On Saturday, President Obama announced he will seek congressional authorization to use military force in Syria. On Sunday, Patrick Leahy, the Senate’s senior Democrat, announced his aides were redrafting the authorization. The president’s draft, he said, was “too open-ended.”
That has to be discouraging for Mr. Obama, and painfully ironic as well. A president who, for three long years, willfully chose to do next to nothing about the civil war in Syria now finds himself criticized by a party leader for getting beyond himself.
Mr. Obama has badly bungled Syria. Having publicly warned Bashar Assad not to cross the “red lines” of chemical warfare, the Syrian strongman called Obama’s bluff and used chemical weapons … twice. Some days after the latest atrocity, the president announced that he really meant it, and he would use military force to retaliate — but not in any way that might harm the regime too badly. This weekend, he conditioned his mini do-no-harm attack on the authorization of Congress.
The purpose of these attacks is supposedly to maintain American credibility by enforcing the president’s “red line.” But after the public dithering and backtracking, one can’t help but wonder: What credibility?
The president’s record on responding to the Arab spring has been a lesson in how not to perform as the leader of the free world. As such, many members of Congress are rightfully skeptical about the administration’s plans to retaliate against the Assad regime, even given its appalling use of chemical weapons against its own people.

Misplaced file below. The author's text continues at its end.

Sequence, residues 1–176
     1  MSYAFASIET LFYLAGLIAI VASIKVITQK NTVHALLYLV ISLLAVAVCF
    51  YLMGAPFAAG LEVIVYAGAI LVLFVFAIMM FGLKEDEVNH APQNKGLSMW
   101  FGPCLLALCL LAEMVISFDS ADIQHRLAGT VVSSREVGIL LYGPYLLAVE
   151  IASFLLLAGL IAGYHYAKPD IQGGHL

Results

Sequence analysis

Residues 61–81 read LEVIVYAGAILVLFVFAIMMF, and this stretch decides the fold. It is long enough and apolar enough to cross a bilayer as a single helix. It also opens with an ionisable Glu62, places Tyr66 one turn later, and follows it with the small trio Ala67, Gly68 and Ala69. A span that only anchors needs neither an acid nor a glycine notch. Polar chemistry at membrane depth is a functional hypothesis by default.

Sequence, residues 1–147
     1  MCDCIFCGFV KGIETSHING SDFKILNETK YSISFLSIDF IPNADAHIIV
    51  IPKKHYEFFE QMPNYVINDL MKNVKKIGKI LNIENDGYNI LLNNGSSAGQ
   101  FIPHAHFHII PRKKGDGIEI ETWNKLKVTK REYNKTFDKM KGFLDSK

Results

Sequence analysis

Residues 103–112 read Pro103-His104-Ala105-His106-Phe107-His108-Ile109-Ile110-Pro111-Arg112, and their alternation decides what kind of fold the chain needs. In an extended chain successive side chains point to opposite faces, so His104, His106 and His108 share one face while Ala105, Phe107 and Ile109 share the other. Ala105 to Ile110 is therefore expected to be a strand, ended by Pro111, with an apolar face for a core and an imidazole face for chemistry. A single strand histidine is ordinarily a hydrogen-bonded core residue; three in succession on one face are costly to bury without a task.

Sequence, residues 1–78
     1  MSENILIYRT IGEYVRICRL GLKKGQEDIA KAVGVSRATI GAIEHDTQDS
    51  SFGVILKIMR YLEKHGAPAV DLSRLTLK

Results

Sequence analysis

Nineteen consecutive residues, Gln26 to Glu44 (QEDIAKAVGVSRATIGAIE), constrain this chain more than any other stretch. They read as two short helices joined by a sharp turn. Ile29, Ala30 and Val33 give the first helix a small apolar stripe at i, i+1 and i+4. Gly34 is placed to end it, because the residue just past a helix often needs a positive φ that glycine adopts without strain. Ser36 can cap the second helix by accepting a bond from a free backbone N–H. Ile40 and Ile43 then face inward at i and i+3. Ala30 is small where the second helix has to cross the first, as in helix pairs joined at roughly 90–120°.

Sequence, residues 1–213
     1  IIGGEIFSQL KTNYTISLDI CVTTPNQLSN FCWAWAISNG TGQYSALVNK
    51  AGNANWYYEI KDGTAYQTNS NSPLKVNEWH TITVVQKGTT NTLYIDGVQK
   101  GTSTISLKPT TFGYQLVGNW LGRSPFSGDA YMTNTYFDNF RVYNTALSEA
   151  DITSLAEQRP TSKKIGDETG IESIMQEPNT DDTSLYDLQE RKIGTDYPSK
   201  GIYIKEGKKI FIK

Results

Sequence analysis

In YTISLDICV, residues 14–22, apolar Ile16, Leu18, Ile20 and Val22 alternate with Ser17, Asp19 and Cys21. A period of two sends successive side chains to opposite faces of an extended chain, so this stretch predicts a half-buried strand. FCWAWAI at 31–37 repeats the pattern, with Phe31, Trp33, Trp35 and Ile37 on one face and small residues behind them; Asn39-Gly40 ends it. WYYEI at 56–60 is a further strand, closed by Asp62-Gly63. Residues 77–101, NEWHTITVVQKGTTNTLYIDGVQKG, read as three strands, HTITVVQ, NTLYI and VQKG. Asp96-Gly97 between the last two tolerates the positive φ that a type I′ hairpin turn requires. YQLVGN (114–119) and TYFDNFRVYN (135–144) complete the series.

The administration has tried to make a humanitarian case for the use of force. Secretary of State John Kerry has aptly described the chemical attack as a “moral obscenity,” and nobody argues with that.
But will a unilateral, mini military attack stop Assad from brutalizing his suffering people? Military analysts concede that Syrian stockpiles of chemical weapons cannot be taken out of play by airstrikes. What if, after absorbing the limited “punishment” that the president promises are not intended to produce regime change, the regime decides it needs to employ these weapons a third time? Then what?
The administration will also have to explain how a mini-attack will increase the security of the American people and our allies — the ultimate consideration with contemplating the use of military power.
For the last several years, the administration has not only dithered over Syria, it has also targeted the American military for spending cuts — both before sequestration and then on top of the sequestration cuts. The cuts have come despite warnings from the highest levels of defense leadership that they would inevitably result in reduced military capacity and readiness.